BRUSSELS/PARIS—European Union leaders gathered on Friday for crunch summit talks on a multi-billion-euro plan to breathe life into their economies, their first face-to-face summit since the coronavirus pandemic plunged the bloc into its latest crisis.
“It is a moment of truth and ambition for Europe,” French President Emmanuel Macron said as he arrived for the meeting of 27 leaders in Brussels after weeks of tension over the scale and scope of the rescue fund.
“It is our European project that is at stake here. I am confident but cautious.”
Dutch opposition and a threat of a Hungarian veto weigh on chances for a deal on the EU’s 2021-27 budget, envisaged at slightly above 1 trillion euros ($1.1 trillion), and an attached new recovery fund worth 750 billion euros meant to help rebuild the southern economies affected the most by the crisis.
The 27 EU heads will meet in a room equipped with hand sanitisers, and disinfected headsets to provide translation, in the Brussels EU headquarters, which will unusually be devoid of journalists, as a health precaution.
The summit is scheduled to run for two days, though officials said it could spill into Sunday if an agreement remains elusive. Luxembourg Prime Minister Xavier Bettel told Reuters he had brought an extra set of clothes just in case.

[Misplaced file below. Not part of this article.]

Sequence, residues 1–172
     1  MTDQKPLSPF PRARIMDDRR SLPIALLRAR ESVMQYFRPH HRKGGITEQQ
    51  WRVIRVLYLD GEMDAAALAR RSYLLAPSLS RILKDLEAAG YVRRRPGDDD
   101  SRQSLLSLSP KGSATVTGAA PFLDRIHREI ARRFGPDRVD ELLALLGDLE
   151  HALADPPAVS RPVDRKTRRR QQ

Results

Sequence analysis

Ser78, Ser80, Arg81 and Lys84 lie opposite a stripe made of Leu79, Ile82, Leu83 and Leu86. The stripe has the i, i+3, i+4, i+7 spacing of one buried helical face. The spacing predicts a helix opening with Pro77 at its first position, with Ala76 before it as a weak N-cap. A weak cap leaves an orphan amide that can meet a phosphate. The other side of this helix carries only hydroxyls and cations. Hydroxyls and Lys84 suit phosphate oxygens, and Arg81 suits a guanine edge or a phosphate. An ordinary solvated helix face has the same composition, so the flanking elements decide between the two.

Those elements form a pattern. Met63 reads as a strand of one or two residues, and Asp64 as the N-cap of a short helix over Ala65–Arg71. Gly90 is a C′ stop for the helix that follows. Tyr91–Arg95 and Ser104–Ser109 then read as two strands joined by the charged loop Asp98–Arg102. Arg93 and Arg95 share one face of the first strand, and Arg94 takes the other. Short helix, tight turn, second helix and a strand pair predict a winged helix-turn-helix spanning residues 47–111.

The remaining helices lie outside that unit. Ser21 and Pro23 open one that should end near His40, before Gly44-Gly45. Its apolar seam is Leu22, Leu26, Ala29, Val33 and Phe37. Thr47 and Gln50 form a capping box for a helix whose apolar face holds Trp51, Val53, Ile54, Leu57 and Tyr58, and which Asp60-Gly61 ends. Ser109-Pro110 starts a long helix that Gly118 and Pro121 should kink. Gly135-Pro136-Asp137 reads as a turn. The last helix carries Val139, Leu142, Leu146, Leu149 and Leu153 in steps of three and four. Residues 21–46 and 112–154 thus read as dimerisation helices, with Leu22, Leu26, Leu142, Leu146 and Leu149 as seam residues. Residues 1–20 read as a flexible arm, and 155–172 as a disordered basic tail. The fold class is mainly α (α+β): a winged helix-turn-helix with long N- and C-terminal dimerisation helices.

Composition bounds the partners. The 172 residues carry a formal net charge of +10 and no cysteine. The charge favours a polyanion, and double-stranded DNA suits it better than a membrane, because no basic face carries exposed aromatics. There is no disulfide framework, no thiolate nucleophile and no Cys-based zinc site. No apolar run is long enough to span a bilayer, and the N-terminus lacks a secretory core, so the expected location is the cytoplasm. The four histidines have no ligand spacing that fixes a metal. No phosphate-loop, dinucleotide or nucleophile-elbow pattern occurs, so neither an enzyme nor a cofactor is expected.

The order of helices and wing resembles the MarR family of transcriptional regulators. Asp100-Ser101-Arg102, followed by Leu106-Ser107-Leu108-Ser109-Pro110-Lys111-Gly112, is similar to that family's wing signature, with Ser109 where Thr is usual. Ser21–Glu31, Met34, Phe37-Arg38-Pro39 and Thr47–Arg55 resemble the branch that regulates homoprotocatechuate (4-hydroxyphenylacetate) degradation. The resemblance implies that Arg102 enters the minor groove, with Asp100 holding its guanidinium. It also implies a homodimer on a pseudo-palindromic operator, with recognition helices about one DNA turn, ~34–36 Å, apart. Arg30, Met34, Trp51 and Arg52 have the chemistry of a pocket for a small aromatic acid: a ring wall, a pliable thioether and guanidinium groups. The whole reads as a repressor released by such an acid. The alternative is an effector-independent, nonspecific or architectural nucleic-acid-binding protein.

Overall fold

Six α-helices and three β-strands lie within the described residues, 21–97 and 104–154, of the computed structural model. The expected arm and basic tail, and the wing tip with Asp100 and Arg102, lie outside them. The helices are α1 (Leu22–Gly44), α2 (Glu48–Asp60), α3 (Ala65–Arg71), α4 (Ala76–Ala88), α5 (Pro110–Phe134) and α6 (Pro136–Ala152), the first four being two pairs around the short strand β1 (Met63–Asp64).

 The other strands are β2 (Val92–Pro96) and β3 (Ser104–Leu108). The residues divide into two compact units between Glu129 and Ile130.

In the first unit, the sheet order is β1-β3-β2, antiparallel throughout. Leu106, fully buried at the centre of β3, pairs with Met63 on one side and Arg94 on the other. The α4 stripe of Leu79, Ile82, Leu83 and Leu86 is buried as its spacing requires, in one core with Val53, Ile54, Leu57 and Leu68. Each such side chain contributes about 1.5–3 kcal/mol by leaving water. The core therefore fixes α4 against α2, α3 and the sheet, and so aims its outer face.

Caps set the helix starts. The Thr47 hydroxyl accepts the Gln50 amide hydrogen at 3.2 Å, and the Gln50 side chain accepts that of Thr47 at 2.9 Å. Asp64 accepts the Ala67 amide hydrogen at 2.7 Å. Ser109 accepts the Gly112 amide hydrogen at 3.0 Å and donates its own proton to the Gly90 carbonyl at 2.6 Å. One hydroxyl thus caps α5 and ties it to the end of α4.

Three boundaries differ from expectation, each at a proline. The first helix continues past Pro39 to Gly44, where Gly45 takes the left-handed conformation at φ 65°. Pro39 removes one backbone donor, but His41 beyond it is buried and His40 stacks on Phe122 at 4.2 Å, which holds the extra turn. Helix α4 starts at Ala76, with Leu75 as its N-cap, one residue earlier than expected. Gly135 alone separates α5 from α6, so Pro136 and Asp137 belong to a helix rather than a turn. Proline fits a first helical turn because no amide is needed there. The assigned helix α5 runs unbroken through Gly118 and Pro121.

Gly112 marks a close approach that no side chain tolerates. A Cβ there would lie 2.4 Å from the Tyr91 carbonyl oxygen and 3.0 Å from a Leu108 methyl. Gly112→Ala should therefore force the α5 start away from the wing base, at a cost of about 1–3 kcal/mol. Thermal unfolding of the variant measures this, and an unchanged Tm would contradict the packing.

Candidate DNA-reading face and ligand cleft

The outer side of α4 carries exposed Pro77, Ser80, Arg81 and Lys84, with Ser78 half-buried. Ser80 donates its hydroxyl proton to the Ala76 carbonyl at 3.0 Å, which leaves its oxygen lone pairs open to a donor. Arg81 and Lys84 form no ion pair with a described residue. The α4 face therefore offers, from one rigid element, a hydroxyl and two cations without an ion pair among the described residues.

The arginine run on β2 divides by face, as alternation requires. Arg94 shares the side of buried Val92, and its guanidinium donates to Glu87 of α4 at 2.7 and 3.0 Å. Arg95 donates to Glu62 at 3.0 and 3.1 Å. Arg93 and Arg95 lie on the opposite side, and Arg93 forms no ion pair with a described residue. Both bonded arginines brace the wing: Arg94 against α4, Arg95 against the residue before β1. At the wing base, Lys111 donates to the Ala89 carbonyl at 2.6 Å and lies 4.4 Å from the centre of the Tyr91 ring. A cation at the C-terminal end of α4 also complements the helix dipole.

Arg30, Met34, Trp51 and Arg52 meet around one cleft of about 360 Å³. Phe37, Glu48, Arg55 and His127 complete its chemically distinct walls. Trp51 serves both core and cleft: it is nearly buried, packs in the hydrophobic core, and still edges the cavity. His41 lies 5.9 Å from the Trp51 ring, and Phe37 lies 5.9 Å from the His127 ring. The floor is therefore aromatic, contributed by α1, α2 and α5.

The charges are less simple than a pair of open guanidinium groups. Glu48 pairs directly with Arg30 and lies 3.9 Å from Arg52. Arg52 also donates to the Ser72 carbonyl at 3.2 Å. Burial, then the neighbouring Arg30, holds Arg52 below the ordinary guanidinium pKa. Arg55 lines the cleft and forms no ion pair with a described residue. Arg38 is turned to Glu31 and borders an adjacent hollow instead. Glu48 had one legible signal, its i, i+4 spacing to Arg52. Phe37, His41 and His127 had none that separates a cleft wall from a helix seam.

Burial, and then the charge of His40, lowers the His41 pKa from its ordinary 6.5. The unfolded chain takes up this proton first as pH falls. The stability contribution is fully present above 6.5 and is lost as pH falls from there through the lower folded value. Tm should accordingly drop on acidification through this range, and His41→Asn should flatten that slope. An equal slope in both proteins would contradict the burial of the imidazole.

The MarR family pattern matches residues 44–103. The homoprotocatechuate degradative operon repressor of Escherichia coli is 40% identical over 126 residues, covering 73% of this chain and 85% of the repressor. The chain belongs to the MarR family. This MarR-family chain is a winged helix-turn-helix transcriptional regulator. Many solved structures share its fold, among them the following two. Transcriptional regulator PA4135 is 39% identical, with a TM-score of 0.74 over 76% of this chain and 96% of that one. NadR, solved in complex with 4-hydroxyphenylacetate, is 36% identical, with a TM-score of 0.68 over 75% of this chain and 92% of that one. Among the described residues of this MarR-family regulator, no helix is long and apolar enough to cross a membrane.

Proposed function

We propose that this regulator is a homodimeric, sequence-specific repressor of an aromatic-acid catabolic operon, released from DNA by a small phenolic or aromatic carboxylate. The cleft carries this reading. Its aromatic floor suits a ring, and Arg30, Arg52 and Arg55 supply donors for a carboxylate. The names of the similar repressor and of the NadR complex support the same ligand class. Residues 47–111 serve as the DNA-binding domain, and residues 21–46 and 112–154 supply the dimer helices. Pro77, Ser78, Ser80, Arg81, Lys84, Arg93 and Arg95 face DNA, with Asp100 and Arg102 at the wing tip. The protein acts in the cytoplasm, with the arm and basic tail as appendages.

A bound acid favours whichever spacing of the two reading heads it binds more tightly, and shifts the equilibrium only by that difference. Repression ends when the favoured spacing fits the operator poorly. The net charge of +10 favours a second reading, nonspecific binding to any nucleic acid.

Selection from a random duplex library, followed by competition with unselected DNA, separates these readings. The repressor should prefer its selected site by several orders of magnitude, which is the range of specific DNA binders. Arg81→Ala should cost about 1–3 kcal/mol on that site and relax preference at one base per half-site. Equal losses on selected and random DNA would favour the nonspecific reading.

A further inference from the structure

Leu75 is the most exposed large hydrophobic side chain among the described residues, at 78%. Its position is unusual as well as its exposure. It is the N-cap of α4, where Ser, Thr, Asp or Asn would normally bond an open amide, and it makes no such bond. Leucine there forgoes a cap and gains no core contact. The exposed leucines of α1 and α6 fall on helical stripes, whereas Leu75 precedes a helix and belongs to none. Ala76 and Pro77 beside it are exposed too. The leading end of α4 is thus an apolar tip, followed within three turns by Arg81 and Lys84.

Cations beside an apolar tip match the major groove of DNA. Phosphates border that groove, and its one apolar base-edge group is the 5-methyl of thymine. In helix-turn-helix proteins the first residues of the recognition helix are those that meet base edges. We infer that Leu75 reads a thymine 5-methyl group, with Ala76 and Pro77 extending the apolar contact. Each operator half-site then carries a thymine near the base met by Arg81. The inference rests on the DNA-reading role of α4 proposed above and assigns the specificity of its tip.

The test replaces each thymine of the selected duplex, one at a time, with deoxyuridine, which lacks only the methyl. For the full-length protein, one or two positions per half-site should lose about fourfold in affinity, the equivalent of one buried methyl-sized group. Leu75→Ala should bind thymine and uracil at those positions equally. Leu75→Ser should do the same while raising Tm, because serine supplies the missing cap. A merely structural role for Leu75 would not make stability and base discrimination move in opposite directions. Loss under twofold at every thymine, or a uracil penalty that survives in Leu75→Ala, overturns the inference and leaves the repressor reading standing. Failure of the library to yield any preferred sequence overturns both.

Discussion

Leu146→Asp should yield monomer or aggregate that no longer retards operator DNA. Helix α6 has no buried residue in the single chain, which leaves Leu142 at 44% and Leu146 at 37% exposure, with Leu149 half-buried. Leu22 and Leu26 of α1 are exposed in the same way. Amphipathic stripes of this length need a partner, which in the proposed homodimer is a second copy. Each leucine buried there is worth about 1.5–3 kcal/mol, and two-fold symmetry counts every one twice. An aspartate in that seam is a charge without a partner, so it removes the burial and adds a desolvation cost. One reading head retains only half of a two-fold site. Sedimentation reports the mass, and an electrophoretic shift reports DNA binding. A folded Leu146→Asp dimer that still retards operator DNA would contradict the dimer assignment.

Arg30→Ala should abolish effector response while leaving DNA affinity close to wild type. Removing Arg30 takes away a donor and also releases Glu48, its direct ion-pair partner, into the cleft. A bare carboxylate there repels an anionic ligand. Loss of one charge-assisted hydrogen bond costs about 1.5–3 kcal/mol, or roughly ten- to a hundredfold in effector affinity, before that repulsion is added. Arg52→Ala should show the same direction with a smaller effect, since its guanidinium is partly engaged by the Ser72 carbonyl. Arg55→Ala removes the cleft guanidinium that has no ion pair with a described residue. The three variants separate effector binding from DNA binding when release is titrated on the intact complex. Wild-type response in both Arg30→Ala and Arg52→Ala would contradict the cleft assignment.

The stakes are high with EU economies in free fall, immediate relief measures such as short-time work schemes running out this summer and paving the way for what some fear will be an autumn of deep economic malaise and discontent.
That would risk damaging the EU, already struggling with the protracted saga of Brexit and bruised by past crises, from the financial meltdown to migration feuds.
“Everybody knows that autumn will be difficult,” said a senior government official in one EU state. “It would be really good for Europe to send a signal to all that we are united.”
After months of feuds over medicines, medical gear, border closures and money to respond to the coronavirus, the EU has already agreed a half-a-trillion-euro scheme to cushion the first hit of the crisis, and narrowed some differences over how to finance kick-starting economic growth over the long term.
Dutch Prime Minister Mark Rutte is the main holdout among a thrifty camp of northern, wealthy EU countries demanding a smaller overall package, economic reforms as a condition for funds, an expanded vetting process for granting aid, and keeping rebates for net payers to the bloc’s joint coffers.
The high-debt, ailing southern countries, including Italy and Spain, want the recovery financing to come as free grants rather than repayable loans, while Hungary has threatened to veto the whole package over a proposed new mechanism to freeze payouts for countries seen as undercutting democratic values.
Among the other sticking points are when to make the recovery money available and for how long; how to repay debt to be acquired by the bloc’s executive European Commission to collect these extra funds; and how much should be channelled to green projects that help the EU to meet its emissions targets.
By Marine Strauss and Elizabeth Pineau